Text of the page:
To offer an example from law: in our curriculum, we look at the South African legal system with transformation as a central theme in order to explore the difference between Western and African conceptions of law. The South African legal system affirms the overriding power of the Constitution and recognises both common law – Roman Dutch and English law – the law of the colonisers that was entrenched as mainstream law, and African customary law, which the colonisers came across when they arrived in South Africa but perceived as being less important and inferior.
Today, both systems are subject to the Constitution as the supreme law of the land and both have their place. Common law focuses more on individual rights and African customary law focuses on the collective rights where the interest of the groups supersedes the interests of the individual. In place of the expensive nature of litigation where the winner takes all, people are encouraged to explore mediation to resolve disputes, which is very much part of African customary law, and it ensures that people’s rights to access justice are realised.
Transformation of the law curriculum and the legal fraternity as a whole requires the mainstream inclusion of African customary law alongside Western conceptions. We need to make use of a diversity of systems and knowledges in our courts to arrive at just and fair decisions – an inclusive rather than a unitary approach.
Across all faculties, knowledges, inheritances and cultural heritages from Africa and the Global South need to be incorporated in the curriculum. As part of curriculum transformation, academics in all our faculties are calling for transdisciplinary and trans-faculty collaboration in our teaching and learning, research and engagement practices, where they can learn from one another and students can share with each other.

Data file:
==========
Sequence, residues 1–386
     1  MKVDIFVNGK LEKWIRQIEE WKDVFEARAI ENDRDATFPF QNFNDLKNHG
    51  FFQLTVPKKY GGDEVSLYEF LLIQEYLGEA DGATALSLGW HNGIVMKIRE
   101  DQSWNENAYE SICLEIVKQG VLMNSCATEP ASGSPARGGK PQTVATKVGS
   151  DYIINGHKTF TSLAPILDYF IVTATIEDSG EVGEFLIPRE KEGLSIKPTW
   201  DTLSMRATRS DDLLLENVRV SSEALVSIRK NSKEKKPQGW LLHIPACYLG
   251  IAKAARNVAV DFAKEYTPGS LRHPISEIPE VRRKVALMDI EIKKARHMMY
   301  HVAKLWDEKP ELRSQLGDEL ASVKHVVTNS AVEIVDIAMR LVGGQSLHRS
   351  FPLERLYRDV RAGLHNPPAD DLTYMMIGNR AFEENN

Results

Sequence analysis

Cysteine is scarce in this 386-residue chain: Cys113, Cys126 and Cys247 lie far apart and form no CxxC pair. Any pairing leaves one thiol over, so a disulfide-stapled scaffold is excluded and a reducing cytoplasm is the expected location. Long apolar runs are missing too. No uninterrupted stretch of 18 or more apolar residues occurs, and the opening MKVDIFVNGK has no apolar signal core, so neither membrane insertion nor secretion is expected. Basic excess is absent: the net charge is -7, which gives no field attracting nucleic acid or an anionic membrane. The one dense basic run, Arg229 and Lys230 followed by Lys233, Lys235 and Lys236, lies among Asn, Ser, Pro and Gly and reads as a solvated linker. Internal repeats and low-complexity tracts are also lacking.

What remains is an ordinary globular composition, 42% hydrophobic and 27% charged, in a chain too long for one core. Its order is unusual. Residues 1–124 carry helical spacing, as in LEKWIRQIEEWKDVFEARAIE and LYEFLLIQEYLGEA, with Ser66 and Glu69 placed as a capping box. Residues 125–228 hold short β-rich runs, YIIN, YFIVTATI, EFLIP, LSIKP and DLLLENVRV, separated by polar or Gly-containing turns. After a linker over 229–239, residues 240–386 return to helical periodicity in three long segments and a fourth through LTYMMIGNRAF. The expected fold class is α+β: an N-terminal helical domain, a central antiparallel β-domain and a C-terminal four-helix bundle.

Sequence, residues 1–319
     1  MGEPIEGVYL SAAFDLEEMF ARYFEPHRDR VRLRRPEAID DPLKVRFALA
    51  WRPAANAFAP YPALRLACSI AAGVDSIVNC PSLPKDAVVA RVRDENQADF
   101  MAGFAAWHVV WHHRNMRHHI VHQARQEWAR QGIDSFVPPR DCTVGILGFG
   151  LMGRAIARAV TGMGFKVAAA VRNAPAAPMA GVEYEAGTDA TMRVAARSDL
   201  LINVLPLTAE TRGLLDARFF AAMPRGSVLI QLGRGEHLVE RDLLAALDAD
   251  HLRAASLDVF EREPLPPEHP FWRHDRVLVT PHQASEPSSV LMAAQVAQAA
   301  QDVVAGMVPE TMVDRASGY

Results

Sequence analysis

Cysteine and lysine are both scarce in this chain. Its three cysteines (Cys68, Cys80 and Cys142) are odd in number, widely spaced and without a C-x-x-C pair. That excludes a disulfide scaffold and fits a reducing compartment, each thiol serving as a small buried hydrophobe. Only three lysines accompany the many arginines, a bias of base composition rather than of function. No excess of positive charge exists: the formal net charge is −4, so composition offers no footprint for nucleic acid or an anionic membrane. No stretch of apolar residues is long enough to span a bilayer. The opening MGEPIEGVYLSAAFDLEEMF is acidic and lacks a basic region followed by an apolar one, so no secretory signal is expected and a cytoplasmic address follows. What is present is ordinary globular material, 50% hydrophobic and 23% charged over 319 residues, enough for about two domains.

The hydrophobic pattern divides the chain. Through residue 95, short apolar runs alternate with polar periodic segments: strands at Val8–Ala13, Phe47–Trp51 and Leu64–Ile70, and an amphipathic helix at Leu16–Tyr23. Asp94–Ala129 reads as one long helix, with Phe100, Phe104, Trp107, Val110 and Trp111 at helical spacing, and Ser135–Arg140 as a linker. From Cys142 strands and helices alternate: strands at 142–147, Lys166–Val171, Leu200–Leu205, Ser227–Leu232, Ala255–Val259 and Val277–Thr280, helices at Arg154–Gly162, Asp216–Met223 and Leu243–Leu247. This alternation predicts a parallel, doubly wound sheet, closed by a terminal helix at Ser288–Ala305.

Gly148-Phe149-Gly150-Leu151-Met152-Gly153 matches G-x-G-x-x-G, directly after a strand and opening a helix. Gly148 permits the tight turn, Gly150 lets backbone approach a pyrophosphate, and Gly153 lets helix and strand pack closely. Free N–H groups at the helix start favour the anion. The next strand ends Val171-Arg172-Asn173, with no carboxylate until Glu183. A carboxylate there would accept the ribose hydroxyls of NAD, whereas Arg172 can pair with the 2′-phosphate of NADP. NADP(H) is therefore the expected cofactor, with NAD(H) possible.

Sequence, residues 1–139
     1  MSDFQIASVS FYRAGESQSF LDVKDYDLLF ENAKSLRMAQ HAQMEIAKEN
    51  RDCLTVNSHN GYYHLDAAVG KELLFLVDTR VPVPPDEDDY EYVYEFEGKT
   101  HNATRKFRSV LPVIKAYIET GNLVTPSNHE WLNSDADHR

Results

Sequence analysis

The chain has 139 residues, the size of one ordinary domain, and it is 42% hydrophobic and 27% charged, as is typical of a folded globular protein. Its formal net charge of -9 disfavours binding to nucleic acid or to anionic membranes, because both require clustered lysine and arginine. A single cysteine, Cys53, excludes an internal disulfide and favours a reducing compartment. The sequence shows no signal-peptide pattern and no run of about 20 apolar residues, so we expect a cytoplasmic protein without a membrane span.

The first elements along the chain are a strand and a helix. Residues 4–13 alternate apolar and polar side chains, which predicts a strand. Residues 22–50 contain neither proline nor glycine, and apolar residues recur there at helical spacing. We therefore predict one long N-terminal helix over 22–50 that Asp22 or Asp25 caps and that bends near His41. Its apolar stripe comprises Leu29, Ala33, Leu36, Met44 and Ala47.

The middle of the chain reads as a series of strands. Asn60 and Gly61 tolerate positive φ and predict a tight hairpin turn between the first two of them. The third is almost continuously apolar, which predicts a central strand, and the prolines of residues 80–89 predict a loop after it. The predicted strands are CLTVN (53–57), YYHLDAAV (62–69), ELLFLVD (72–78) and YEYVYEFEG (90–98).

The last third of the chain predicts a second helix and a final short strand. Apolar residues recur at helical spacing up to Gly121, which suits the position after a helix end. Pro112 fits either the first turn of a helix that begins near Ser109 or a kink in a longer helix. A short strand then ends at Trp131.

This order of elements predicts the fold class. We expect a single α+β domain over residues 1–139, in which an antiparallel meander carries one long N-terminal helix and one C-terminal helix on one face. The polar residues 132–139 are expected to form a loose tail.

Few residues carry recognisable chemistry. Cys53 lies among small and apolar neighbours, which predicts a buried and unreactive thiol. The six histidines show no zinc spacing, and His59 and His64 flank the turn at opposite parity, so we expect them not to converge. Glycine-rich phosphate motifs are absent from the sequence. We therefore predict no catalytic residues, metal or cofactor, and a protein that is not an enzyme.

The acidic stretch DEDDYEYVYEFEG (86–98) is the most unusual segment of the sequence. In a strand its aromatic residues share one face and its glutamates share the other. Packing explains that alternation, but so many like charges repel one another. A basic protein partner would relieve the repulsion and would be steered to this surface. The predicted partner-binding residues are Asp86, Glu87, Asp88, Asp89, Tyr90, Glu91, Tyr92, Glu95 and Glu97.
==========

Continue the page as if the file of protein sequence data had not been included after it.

The transformation process at UP began in 2016 with the crafting of a policy document on curriculum transformation after extensive consultation and engagement with the UP community, including staff and students. The document serves as a guideline, platform and driving force for faculties to work towards decolonisation and transformation of the UP curriculum.
It opens up the space for critical thinking and robust debates where students become proactive in curriculum transformation. At the same time, this develops them into independent individuals who can confidently enter society and the world of work, and share new knowledge and views.
To monitor progress, the Deans of all our faculties report on their curriculum transformation initiatives to the Deputy Vice-Chancellor Academic, and we are working on a collaboration effort with the University’s Transformation Office to bridge the gap between curriculum transformation and institutional culture because the two go hand in hand.
UP is transforming into an institution of individuals who are comfortable with differences; sensitive to historical injustices; conversant in a diverse array of knowledges, world views, cultures, literatures and ways of life; people who show deep care for the natural world that sustains us, and who are committed to contributing to the positive development and transformation of our country, continent and world.
Professor Charles Maimela is Deputy Dean of the Faculty of Law and Coordinator of the Curriculum Transformation Drive at the University of Pretoria.